M Ajisatria Suleiman, Director of Public Policy, FinTech Indonesia
"As a mobile-first country, mobile technology is undeniably the biggest game changer for the country. In addition to providing more access, mobile technology also helps create new data points that are crucial..."
FST Media: What are your business and digital priorities for the next 6 months?
Suleiman: As an Association, we focus on policy advocacy and ecosystem building. For this 1st Semester of 2017, we help he Central Bank (BI) formulate the regulatory sandbox policy. We also help the Financial Services Authority (OJK) implement the p2p lending regulation issued last December 2016. Also, we spearhead an advocacy work to leverage technology solve financial inclusion for the bottom of the pyramid.
FST Media: What technology or innovation is proving to be the biggest game changer for the finance industry?
Suleiman: As a mobile-first country, mobile technology is undeniably the biggest game changer for the country. In addition to providing more access, mobile technology also helps create new data points that are crucial for alternative credit scoring, KYC, and many others.
FST Media: How can fintechs and traditional financial services work together collaboratively?
Suleiman: There are many evidences of collaboratios between the two. The underlying theme is about catering of a new market that is previously unserved. Unsecured loans can now be made through new technologies. Unbanked SMEs can now access online payments through merchant acquisitions by innovative payment gateway companies, and many other examples.
FST Media: How can big data insights and analytics be leveraged to help develop customer-centric products and services?
Suleiman: By developing new data points that are not traditionally used for financial services (i.e. creditworthiness, fraud detection, etc.).
FST Media: How can new technologies help to mitigate Cybersecurity risks across the finance space?
Suleiman: Cybersecurity is not yet a big thing here. But, we believe new companies (enterprise or startups) offering cybersecurity-as-a-service with affordable costs will help companies deal with cybersecurity-associated risks.
FST Media: Where do you look for emerging technologies trends?
Suleiman: Countries facing inclusion issues such as India and China will be the best for comparative trends. Recent payments innovations and identity infrastructure is the best case for Indonesia. Also, we as Association plans to promote policy for digitalization similar to the ones carried out by Korea.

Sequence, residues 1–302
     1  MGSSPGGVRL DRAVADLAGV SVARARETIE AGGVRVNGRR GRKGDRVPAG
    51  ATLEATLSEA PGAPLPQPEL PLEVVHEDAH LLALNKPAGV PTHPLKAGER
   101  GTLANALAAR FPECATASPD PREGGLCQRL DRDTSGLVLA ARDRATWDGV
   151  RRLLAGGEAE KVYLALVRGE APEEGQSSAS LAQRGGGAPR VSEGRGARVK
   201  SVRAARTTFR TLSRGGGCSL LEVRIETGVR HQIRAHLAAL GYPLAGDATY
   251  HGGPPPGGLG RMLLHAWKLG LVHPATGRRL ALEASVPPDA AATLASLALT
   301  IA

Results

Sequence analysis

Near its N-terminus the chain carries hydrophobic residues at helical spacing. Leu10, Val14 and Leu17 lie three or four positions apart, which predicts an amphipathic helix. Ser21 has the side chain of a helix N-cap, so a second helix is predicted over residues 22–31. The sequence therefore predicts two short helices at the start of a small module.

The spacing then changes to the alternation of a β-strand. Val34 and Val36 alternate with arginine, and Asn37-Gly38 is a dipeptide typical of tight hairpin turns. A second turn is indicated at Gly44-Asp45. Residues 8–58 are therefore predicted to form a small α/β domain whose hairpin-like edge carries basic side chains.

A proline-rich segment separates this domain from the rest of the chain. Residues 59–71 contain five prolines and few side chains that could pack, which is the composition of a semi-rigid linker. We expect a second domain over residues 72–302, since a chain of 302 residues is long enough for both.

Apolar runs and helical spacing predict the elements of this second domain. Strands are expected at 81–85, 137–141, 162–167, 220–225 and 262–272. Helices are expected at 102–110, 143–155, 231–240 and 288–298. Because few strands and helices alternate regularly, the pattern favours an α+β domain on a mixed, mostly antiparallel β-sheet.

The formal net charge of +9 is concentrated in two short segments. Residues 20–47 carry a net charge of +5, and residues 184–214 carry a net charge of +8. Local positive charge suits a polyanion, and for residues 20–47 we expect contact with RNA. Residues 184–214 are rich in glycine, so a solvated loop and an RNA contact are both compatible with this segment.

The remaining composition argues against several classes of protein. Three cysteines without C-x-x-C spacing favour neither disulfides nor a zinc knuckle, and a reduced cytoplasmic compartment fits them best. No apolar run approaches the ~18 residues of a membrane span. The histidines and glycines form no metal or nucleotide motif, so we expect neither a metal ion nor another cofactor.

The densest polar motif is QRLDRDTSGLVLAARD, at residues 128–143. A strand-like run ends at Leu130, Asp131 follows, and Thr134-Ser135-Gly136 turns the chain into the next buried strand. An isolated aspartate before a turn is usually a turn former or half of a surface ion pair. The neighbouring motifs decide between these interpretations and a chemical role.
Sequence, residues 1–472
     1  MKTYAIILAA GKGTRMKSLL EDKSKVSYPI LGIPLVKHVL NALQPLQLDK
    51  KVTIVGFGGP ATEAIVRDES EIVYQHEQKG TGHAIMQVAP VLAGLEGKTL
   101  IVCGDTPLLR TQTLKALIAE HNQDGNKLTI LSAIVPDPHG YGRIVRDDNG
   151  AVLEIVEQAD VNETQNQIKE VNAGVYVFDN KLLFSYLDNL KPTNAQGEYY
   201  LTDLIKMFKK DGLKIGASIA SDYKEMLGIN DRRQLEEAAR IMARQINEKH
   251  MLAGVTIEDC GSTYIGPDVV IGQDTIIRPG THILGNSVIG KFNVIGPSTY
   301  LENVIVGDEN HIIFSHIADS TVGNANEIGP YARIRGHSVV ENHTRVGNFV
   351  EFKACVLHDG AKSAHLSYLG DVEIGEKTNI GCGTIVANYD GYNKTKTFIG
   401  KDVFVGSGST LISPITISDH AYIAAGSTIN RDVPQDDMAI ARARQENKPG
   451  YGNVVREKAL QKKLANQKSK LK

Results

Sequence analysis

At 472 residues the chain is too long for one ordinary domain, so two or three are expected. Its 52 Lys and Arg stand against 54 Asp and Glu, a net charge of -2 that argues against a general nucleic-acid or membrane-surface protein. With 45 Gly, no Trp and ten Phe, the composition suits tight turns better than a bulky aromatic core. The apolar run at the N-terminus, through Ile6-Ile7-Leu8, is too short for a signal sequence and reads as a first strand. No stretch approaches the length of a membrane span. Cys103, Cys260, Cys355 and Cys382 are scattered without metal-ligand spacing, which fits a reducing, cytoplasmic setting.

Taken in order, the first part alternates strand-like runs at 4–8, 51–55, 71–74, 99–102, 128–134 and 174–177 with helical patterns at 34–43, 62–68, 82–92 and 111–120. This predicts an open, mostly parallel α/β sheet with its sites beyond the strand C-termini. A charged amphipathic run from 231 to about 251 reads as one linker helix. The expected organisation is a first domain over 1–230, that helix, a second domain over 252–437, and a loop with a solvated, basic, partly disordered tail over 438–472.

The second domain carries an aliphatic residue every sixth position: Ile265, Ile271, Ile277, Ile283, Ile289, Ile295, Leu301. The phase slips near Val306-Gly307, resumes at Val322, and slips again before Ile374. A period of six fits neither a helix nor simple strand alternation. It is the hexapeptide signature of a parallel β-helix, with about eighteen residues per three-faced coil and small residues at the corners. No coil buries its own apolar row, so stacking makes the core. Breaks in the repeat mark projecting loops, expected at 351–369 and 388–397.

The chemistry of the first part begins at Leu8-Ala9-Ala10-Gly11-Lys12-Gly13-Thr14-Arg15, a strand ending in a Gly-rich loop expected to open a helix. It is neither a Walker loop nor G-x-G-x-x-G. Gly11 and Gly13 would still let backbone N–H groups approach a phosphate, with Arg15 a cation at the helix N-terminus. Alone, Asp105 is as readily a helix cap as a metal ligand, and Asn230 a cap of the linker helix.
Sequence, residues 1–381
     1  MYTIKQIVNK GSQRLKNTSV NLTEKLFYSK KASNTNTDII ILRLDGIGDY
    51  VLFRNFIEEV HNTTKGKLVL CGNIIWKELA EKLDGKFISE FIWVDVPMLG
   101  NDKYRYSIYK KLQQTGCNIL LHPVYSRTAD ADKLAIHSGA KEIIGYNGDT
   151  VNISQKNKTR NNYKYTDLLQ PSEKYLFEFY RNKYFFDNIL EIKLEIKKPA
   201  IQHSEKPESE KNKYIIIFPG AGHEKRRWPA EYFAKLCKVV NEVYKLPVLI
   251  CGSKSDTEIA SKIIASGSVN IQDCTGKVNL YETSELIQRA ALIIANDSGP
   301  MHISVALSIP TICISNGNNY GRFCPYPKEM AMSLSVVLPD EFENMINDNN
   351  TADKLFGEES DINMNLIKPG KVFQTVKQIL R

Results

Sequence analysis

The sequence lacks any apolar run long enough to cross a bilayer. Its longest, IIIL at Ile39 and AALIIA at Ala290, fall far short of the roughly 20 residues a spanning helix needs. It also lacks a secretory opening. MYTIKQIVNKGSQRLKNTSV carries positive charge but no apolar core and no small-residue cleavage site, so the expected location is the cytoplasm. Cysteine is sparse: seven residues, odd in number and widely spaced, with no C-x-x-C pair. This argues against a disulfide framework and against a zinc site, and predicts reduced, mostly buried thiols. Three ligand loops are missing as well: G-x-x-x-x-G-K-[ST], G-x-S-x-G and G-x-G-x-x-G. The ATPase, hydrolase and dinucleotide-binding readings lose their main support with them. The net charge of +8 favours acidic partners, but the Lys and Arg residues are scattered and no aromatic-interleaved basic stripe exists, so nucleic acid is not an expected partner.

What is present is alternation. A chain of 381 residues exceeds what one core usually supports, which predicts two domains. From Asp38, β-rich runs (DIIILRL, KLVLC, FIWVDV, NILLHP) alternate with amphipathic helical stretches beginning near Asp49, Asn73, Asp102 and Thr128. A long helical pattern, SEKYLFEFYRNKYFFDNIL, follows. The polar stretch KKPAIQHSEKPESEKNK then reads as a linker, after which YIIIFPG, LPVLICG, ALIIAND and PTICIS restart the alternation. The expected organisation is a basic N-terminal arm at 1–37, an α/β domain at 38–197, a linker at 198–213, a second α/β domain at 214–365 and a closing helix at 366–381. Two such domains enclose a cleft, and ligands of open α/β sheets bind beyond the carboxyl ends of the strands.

FST Media: Where will fintech development in Indonesia be by 2018?
Suleiman: Financial inclusion agenda basically drive the country’s fintech agenda. So, by 2018, fintech will focus on better access to savings accounts and payments (probably with the use of alternative wallets), and better credit infrastructure to cater
FST Media: What existing technology would you like to see play a more prominent role in finance over the next few years?
Suleiman: Globally – blockchain. But it has not become a big thing in Indonesia. For Indonesia, I think the massive use of cloud services (including for Government infrastructure – credit, identity, KYC) would unleash many of the countries’ potential.
FST Media: What is the next big thing for Fintech Indonesia and how will you measure its success?
Suleiman: New generation of payments (merchant acceptance, wallet, new methods – QR pay, biometric, etc) will be the next big thing, considering the existing situation of lack of access to bank accounts and heavy reliance on cash. The Government has launched a “non-cash movement”, and can serve as the reference for measuring success.
FST Media: What is your favourite way to spend your free time?
Suleiman: I like experimenting with various methods of manual drip coffee, using various different coffee beans throughout Indonesia.